Thursday, November 17, 2011

Taxpayers pay for millionaires' kids to attend corporate schools

Here's charming news from Bloomberg: So-called "charter" schools are doing a better job educating rich kids than the poor kids they were sold to us as helping. Worse, these schools are run by profit-making corporations. In other words, your tax dollars may be siphoned off to pay for (a) corporate profit and (b) giving rich kids even greater advantages in life than the poor kids they leave behind in community-based schools.

Bloomberg reports,
The growing ranks of U.S. charter schools in affluent suburbs are pitting neighbor against neighbor and, critics say, undercutting the original goals of the charter movement. Families who benefit cherish extensive academic offerings and small classes. Those who don’t say their children are being shortchanged because the schools are siphoning off money and the strongest students, leaving school districts with higher expenses and fewer resources for poor, immigrant and special- needs kids...

One out of five of the country’s 5,200 charter schools is in a suburb, including affluent communities like Los Altos, according to the National Alliance for Public Charter Schools. In Minnesota, where the charter school movement began in 1992, charters in the Minneapolis-St. Paul region initially focused on black, urban neighborhoods and have since spread into wealthy suburbs, where schools are often predominantly white, according to research from the University of Minnesota Law School’s Institute on Race and Poverty.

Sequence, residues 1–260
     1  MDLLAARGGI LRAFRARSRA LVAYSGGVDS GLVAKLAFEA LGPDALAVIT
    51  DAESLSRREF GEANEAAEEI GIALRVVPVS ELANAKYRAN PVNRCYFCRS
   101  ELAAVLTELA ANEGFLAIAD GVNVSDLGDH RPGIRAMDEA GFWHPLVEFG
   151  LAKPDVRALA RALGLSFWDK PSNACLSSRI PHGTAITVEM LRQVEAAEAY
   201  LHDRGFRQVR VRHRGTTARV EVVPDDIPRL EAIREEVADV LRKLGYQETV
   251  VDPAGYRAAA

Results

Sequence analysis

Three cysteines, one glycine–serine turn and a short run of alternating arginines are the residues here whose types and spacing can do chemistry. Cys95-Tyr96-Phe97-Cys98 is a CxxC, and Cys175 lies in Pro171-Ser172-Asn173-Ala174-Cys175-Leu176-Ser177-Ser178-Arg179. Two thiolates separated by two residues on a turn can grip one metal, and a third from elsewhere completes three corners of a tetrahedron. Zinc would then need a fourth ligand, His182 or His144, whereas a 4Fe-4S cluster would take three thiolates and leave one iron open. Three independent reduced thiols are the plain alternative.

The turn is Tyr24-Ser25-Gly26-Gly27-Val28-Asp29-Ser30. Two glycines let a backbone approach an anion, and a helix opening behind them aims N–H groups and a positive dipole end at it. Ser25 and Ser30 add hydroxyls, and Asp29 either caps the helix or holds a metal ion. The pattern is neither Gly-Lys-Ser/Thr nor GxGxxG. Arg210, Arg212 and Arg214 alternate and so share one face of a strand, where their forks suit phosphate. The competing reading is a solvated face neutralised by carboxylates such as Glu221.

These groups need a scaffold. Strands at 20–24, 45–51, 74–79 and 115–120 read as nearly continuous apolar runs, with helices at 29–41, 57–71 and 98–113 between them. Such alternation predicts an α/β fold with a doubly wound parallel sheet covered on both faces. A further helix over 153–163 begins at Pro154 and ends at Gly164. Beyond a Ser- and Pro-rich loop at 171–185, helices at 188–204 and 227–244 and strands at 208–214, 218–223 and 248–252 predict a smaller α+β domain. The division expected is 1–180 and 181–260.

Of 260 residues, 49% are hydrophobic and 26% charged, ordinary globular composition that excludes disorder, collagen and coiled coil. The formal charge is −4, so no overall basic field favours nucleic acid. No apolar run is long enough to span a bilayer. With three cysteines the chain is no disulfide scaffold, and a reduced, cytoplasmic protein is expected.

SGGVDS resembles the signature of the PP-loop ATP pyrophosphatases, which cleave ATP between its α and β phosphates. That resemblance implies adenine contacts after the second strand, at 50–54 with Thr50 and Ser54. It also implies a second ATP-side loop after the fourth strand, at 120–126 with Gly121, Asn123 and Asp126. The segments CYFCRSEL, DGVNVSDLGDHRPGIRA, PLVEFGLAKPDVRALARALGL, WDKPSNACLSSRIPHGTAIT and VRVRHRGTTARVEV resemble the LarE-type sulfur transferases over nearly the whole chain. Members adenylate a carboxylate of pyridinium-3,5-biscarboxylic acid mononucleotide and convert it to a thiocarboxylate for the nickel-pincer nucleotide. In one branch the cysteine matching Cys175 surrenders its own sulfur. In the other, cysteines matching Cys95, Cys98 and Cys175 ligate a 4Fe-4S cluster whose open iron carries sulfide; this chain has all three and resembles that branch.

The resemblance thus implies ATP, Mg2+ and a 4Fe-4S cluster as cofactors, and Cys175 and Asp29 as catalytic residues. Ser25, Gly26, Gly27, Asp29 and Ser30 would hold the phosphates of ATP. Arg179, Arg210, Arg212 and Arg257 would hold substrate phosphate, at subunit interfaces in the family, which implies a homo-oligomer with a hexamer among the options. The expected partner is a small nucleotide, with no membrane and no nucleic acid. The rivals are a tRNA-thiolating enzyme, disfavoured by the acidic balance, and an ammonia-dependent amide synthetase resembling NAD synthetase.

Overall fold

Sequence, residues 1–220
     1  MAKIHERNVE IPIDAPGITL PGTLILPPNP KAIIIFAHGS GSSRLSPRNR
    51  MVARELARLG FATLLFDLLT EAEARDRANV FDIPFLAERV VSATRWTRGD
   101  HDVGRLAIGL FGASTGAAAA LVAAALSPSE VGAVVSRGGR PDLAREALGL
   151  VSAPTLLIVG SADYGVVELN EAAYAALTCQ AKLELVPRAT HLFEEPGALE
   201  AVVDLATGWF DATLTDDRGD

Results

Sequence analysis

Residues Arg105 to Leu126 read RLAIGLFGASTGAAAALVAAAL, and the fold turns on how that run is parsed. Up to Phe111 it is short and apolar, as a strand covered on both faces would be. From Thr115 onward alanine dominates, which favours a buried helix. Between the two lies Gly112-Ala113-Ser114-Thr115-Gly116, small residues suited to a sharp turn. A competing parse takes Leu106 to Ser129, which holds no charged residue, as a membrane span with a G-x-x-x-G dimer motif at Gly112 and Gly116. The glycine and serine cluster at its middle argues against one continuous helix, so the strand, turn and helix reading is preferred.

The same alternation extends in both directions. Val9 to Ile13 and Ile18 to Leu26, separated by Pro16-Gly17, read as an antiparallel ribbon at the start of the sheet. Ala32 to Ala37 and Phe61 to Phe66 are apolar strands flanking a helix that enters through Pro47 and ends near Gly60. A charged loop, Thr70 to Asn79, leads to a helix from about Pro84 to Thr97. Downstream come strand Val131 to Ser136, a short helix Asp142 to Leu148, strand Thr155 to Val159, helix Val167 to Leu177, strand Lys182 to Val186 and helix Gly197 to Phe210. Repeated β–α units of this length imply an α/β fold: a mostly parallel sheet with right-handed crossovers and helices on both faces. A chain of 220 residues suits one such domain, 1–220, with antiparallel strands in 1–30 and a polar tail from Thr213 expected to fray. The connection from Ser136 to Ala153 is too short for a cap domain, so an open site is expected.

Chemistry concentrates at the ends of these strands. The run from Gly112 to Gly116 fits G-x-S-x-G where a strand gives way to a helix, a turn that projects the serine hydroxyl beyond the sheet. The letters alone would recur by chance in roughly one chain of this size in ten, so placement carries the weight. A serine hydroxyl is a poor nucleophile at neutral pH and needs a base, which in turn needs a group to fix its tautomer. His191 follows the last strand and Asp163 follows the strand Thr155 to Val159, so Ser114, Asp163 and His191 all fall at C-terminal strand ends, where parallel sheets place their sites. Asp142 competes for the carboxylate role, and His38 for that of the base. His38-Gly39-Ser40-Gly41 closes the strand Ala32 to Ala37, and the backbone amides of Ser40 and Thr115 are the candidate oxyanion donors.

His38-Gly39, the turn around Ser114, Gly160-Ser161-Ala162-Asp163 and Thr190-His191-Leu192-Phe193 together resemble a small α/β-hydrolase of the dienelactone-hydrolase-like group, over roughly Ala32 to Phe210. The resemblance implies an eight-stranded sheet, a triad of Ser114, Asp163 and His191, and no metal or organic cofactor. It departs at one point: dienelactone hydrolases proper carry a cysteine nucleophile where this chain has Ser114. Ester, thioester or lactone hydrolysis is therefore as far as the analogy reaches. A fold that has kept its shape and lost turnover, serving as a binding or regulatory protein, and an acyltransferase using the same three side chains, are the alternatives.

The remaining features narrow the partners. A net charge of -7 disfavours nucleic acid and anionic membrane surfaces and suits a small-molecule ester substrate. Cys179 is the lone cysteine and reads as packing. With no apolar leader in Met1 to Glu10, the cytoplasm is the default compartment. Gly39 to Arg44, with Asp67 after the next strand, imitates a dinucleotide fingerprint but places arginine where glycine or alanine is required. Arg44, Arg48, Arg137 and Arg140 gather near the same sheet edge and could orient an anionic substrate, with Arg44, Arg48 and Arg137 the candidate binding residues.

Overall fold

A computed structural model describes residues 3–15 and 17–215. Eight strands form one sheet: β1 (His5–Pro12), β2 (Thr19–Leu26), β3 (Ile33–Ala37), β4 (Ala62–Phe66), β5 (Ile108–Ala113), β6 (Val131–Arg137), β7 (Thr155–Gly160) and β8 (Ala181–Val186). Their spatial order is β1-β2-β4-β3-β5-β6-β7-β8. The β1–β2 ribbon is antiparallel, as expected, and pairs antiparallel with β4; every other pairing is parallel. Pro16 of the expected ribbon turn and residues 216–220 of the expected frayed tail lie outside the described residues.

A quarter of U.S. charter schools don’t participate in the federal free and reduced-price lunch program, compared with 2 percent at conventional public schools, according to a 2010 study by the Civil Rights Project at the University of California, Los Angeles...
That means they aren’t serving a significant low-income population, Erica Frankenberg, co-author of the report and an assistant professor at Pennsylvania State University, said in an interview.
Just one question: Isn't the purpose of public education to give every kid a chance for a good life?